Gold is Not Magnetic

Non Magnetic Gold

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One of the scenes that fans remember from the movie is when James Bond puts a magnetic tracking device on Goldfinger’s car after the two finish playing a game of golf. Goldfinger’s car is made from 18-karat gold, which means that it is 75 percent gold. Anything made from 18-karat gold is not going to be magnetic.

Bond Diffuses the Bomb in Style

007 Bomb

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The producers of James Bond movies always like including quick scenes that some fans catch and some do not. When Bond diffuses the bomb at the end of the movie, the bomb’s countdown clock stops on 0:07 seconds.

Crushing a Continental

Golden Ford

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Fans who know the movie “Goldfinger” remember that a brand new Ford Lincoln Continental was crushed during the movie in a scrap yard scene. Ford actually supplied a free Lincoln Continental for this movie in exchange for having the new Mustang featured in a scene in the Swiss Alps. At that time, the Lincoln Continental was considered the height of luxury and style. While the scene of the Lincoln crushing was being filmed, the crew remained completely silent at the sight of a brand new Lincoln Continental being purposely destroyed.

Men Playing Women

Golden Men

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The guys who have seen “Goldfinger” remember the female Flying Circus that appeared to be made up of a whole troupe of scantily clad young ladies. The truth is that a significant portion of those ladies were actually men in drag.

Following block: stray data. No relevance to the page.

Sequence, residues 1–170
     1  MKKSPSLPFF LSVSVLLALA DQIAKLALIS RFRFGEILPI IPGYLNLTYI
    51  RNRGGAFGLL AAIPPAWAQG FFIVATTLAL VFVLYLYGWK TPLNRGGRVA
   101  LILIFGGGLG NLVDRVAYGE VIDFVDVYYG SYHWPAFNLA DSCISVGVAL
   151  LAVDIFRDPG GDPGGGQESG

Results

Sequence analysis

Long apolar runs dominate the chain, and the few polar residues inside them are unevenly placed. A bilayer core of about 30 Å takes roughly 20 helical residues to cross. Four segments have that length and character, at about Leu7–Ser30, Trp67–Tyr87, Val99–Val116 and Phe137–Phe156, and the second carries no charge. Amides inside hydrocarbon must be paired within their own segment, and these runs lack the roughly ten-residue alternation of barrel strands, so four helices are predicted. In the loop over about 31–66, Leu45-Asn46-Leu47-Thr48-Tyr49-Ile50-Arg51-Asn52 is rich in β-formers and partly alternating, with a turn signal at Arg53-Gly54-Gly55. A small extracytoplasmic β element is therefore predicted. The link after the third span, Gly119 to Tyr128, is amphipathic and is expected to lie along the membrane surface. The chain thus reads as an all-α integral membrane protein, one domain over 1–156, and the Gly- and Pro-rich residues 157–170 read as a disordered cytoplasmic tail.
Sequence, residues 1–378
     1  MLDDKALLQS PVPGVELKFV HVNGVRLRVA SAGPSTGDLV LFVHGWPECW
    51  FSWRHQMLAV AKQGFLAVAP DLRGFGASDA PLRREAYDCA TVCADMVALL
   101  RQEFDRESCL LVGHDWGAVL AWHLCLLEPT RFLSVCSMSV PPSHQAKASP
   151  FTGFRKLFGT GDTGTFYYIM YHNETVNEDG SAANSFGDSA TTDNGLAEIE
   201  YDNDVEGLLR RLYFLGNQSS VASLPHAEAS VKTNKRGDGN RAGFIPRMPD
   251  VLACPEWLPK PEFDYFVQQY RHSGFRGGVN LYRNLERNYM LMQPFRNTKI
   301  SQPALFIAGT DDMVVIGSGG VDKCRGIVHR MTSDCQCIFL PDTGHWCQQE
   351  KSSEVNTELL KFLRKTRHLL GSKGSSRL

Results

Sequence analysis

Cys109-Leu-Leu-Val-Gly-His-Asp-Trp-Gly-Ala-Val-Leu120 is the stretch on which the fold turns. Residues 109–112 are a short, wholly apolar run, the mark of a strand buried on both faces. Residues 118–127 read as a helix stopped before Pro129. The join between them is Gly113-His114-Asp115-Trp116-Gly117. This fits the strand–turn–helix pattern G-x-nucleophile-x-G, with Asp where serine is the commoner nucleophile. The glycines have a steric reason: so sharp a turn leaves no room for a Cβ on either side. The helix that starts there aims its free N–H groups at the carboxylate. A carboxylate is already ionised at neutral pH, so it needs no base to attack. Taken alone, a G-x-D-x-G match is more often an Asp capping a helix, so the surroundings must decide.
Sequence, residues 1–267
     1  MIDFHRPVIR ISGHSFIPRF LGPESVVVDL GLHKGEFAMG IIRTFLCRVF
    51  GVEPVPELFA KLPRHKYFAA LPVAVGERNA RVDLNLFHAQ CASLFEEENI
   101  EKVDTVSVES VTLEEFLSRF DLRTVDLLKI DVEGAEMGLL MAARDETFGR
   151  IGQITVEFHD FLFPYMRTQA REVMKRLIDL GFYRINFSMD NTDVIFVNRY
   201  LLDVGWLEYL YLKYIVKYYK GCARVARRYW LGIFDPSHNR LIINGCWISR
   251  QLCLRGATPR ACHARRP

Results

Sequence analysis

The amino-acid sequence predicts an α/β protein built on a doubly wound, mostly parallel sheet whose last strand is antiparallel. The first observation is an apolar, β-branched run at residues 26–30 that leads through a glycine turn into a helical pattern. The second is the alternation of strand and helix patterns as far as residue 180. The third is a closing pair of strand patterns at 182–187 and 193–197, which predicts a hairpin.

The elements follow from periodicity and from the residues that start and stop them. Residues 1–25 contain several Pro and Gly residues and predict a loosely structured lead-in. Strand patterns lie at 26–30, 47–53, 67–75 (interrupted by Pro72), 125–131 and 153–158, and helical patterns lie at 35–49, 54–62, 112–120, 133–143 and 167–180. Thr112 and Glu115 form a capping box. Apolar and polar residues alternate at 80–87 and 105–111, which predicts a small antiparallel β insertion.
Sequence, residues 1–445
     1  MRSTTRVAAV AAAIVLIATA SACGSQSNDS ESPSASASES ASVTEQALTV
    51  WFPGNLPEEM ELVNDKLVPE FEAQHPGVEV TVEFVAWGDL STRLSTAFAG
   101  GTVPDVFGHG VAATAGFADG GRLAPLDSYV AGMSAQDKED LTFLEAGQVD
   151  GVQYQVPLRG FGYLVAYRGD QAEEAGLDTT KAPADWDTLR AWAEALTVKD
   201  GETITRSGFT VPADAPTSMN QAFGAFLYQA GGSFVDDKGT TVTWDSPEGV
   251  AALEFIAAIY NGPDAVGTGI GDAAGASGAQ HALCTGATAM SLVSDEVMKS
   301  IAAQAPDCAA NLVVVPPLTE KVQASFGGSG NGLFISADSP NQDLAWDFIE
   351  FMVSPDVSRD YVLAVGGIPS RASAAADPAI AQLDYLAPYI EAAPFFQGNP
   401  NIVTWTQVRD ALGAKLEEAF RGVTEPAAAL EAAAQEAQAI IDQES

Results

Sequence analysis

There is a magic to movies that some people find alluring. But it is always fun to learn interesting facts about our favorite films, especially when the facts are about James Bond’s “Goldfinger”.

The Most Spectacular Gold Heists of All Time

A lot of robbers have made detailed plans to heist gold. Most of those plans fall through or result in small hauls. Others go down in the history books as some of the most spectacular gold heists of all time.

The Brink’s-MAT Heist at London Heathrow Airport

Heathrow Gold Heist

Image via Flickr by hugh llewelyn

Date: November 26, 1983

Location: London, England

Value: $33 million

Brink’s-MAT, a security company based in Virginia, didn’t do its job very well at its London Heathrow Airport location on November 26, 1983. In what was an obvious inside job, a gang of six men entered the warehouse with the help of a security job. Originally planning to steal about $4 million in cash, they ended up pouring gasoline on security guards and threatening to set them on fire if they didn’t open a vault containing $33 million of gold, diamonds, and cash.